DENVER -- On Saturday night -- after he finished his media responsibilities and before he left for the team bus -- Padres third baseman Manny Machado grabbed a blue dry-erase marker and drew a massive “8” on the whiteboard at the exit to Coors Field’s visitors’ clubhouse. Then he circled it. For full effect.
In case you were wondering, yes, the Padres are keenly aware of where things stand in the National League Wild Card race. Their magic number to clinch a spot in the postseason was eight entering play Sunday.
And, sure enough, when the clubhouse doors opened Sunday evening in Denver, that whiteboard had a new number on it: 6.
The Padres appear to have put their Coors Field demons fully behind them. They throttled the Rockies, 13-6, on Sunday afternoon in Colorado. Meanwhile, the Brewers dropped their series finale in Cincinnati, and the Phillies lost in extras against Atlanta.
The Padres now hold a 1 1/2-game lead on Philadelphia for the second Wild Card spot. More important, they moved three games up on Milwaukee in the race for the final playoff spot -- and they hold the head-to-head tiebreaker, too. Any combination of Padres wins and Brewers losses totaling six would see the Padres reach the playoffs for the first time in a full season since 2006.
“We’re all scoreboard watching,” Machado said. “That’s part of the beauty of it. That’s the excitement of it coming down to the end.”
Machado is doing his best to make certain that number keeps dwindling. He went 2-for-5 with three RBIs and made an outrageous play at third base, in which he ranged to his right and threw a strike across the diamond from foul territory. A few innings later, Machado’s three-run eighth-inning blast put the game out of reach.
It was Machado’s 31st homer of the season, bringing him to the 100-RBI mark for the second year in a row, as he continues to build a strong case for National League MVP.
“That’s hard to do on so many different levels,” manager Bob Melvin said. “The durability part, the consistency. The real big-time players end up knocking in 100 runs.”
On Tuesday night, the Padres return to Petco Park for a season-ending nine-game homestand -- three games apiece against the Dodgers, White Sox and Giants. Their path to the postseason has never been clearer.
“I hope it’ll be electric,” Machado said. “These last nine games at home, hopefully, it’s a playoff atmosphere, getting ready for that next step that we’re going to take.”
Most of the Padres, like Machado, will readily admit to scoreboard watching. Sure, they’ve held full control of their own destiny throughout the Wild Card race. But they’re human. They want to know what’s going on elsewhere.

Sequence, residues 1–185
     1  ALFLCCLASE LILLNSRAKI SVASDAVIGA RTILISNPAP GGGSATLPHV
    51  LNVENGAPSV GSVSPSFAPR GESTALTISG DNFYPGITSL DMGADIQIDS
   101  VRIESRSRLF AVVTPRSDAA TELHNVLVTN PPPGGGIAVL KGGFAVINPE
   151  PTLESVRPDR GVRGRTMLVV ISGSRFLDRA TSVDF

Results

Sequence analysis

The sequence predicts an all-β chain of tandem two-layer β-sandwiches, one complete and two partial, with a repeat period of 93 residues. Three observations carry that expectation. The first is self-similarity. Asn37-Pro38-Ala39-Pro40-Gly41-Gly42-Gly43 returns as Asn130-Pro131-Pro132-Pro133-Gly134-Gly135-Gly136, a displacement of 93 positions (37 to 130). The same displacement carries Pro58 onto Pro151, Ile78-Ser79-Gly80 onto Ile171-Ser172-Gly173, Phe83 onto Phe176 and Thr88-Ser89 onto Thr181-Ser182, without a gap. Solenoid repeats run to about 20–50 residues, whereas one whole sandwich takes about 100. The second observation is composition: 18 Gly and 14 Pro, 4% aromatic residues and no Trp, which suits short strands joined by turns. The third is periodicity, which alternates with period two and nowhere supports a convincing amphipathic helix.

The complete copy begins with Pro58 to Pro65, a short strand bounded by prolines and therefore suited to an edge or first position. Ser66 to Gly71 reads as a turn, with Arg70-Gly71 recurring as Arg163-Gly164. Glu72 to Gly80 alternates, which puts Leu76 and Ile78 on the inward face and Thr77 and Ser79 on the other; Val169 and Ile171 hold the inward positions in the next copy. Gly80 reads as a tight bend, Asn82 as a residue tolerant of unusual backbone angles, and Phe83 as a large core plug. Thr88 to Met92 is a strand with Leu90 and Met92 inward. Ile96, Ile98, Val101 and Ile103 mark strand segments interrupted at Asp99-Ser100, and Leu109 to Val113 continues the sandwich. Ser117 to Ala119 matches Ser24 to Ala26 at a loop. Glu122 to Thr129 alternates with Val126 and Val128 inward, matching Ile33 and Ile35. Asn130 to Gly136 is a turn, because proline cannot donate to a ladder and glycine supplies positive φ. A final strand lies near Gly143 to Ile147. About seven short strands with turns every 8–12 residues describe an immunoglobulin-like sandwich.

Melvin, on the other hand, does not want to know. When he’s managing a game, he does his best to avoid even glancing at the scoreboard. At Coors Field, however, the out-of-town scoreboard is embedded in the right-field wall. As it just so happens, the eyeline for a manager on the top step of the visitors' dugout goes directly toward right field.
“It’s right over the pitcher’s head,” Melvin said. “Here, you cannot help it. I told myself at one point, with the Milwaukee game: ‘Do not look at the scoreboard one more time.’ Two pitches later, I’m looking at the scoreboard. There’s nowhere to go.”
The Padres jumped to an early 7-1 lead on Sunday afternoon, around the same time Spencer Steer altered that scoreboard with a go-ahead homer in the eighth inning in Cincinnati. The Padres, meanwhile, recorded a natural team cycle during their four-run third inning -- with Juan Soto singling and Brandon Drury doubling before Jake Cronenworth’s two-run triple and Wil Myers’ two-run homer.
The Rockies chipped away at that lead, scoring five runs on eight hits against starter Mike Clevinger, who lasted four-plus innings. But the Padres’ bullpen was excellent from there. Machado’s three-run homer broke the game open in the eighth, and Drury followed with a solo shot, leaving no doubt.
At long last, the Padres had vanquished Coors Field. They entered the weekend having won just once in their last 14 games here. Then, they took two of three, putting up a combined 22 runs in those last two games.
“It’s crunch time,” Drury said. “Every game from here on out’s [like] a must-win. These last two games were huge.”
The next nine will be no different.
“To have kind of the finish line in sight and know that we finish the regular season at home, my guess is it’s going to be pretty exciting,” Melvin said.